Incentive Magazine recently published their annual Corporate Gift IQ Survey for 2017, a revealing look not just at current gifting trends, but also at what people want, and why.
Every year, we ask the respondents to Incentive's Corporate Gift IQ Survey to dig into their own history for the best and worst corporate gifts they have personally received. In many cases, the responses are indicative of trends that corporate gift givers should be aware of, the most obvious being that both brand name and quality matter, and personalizing the gift is a good idea.
Based on responses from 464 corporate gift givers, here are some of the takeaways...
Are corporate/business gifts part of your incentive programs?
Yes -- 77.4%
No -- 22.6%
Over 3/4 of companies said they make gift-giving a part of their business strategy. How about yours? Giving back to your customers makes them feel valued, appreciated, and works to solidify your relationship.
That principle can work against you if your competition is flirting with your customer base, and who can blame them? Staying relevant to your existing customers and gaining new ones means taking the initiative, and may also mean taking a hard look at whether you are as generous as your competitors.
...extremely expensive gifts... aren't necessary if you make sure you know the recipient and choose a gift appropriately. Among the best gifts received are a pair of boxing gloves, a 'set of glassware with my initials on them,' and 'a bobblehead of my image.'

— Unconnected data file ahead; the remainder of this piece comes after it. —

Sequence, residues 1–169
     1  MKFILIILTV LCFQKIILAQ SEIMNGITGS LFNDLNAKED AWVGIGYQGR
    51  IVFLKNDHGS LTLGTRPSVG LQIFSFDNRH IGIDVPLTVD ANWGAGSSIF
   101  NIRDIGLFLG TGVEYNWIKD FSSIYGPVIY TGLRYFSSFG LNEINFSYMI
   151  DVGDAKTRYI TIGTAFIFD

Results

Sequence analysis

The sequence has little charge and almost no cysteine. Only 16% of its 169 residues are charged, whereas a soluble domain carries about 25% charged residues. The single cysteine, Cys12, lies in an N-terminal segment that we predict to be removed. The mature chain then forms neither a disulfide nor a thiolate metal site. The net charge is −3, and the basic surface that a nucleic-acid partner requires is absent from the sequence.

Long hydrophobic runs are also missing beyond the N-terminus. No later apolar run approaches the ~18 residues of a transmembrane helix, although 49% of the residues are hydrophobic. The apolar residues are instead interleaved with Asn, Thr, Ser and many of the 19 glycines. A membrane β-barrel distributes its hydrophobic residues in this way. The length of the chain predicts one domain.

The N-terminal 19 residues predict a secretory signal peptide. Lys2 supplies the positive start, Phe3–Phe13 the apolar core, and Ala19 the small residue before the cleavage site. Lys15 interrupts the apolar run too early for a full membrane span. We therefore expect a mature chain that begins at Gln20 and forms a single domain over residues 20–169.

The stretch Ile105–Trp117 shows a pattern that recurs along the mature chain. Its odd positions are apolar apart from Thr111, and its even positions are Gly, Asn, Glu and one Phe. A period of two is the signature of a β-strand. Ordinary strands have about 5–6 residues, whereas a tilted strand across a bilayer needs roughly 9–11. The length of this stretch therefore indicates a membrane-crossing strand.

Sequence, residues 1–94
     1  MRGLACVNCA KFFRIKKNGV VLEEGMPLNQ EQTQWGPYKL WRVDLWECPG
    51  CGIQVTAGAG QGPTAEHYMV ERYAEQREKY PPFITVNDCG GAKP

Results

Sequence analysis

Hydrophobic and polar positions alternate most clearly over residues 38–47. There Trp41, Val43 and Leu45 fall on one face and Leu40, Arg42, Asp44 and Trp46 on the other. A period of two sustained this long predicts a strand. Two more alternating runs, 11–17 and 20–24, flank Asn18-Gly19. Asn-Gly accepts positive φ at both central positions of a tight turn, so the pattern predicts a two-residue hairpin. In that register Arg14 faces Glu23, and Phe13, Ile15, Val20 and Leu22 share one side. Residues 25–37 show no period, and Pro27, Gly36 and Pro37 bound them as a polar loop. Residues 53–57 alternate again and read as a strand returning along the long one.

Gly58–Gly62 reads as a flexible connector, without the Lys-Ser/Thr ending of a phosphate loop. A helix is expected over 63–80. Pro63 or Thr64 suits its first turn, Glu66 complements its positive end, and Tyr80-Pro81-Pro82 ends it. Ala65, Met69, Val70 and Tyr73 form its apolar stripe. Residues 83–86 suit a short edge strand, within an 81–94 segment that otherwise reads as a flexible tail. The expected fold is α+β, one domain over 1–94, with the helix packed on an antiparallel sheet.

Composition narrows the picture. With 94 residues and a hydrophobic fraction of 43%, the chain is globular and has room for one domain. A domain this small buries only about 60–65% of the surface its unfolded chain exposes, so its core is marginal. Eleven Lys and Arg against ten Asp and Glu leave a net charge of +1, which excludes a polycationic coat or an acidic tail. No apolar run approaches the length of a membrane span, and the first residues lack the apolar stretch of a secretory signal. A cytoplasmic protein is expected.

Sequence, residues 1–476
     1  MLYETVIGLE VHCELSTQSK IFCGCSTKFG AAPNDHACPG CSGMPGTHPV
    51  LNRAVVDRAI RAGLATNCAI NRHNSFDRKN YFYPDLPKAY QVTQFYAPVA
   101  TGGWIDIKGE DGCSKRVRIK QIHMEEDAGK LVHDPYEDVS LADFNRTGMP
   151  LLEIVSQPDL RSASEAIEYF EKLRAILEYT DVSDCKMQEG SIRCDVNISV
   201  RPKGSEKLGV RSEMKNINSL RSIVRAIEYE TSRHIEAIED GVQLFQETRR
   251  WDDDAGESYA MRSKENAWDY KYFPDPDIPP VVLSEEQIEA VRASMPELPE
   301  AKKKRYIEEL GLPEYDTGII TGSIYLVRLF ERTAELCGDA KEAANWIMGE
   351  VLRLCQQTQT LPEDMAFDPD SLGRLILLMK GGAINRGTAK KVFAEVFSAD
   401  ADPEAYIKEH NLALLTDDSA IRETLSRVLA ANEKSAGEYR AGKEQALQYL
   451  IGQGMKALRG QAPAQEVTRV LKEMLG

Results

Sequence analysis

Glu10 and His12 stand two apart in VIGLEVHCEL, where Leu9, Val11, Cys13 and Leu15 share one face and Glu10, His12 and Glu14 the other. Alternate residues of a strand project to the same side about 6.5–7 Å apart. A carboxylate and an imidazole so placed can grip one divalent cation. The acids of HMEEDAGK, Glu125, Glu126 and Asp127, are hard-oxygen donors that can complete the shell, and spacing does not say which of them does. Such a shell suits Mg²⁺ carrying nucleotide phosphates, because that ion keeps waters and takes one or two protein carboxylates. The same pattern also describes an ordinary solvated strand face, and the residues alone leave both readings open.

While the 2017 survey touched on the importance of personalization, Incentive Magazine's 2015 survey went into a bit more depth...
"Anything personalized is always a nice touch," said respondent Robyn Mietkiewicz, director, global meeting management, at Meeting Sites Resource. "Whether it is engraved with my name or they have used a profile to determine my likes and dislikes as far as color, etc." Among the items others mentioned were etched crystal whiskey glasses, ancient Roman coins, and a Louisville Slugger baseball bat engraved with the recipient's name.
Putting in the extra touch to personalize your gifts can have a big impact, and reap big rewards. If your gift supplier offers the option to imprint, engrave, or emboss individual names or initials... take it. The few extra dollars per item will be well worth it.
While specifically tailoring your gifts to each recipient is ideal, it is not always realistic. There are other ways to put thought into your gifts though...
Pens, for example, showed up 45 times in the 'worst gifts' category... but put the words 'Montblanc' or 'Cross,' (or 'gold') in front and they show up five times in the 'best gifts' category.
The same basic sentiment was reflected in the 2015 survey...
Of course, quality matters. One respondent mentioned a fine pen, saying, "Despite having a tablet and laptop, when I pull out my pen and small, leather-sheathed notepad -- another gift -- clients are always impressed. They still see something written as being more important than something typed."
If your gifts are somewhat generic, that's OK, just make sure they are the best quality you can afford. If personalization is not an option, attention to the gift's caliber can easily turn a 'throw-away' into a cherished keeper.
This is especially important should your gifts include your company logo/branding...
Logoed awards require extra care, as putting your company name on an item connects it to your brand. Thus, "a watch with their logo that did not work," is a double negative.
While branding your gifts is a plus, it will backfire if the quality isn't there. Spending the extra cash all but ensures your investment will not go to waste.
These additional stats provide some useful insight for planning your corporate gifting strategy this year...
On average, how much do you spend on corporate gifts per recipient?
Less than $25 -- 27.6%
$25 to $49 -- 20.7%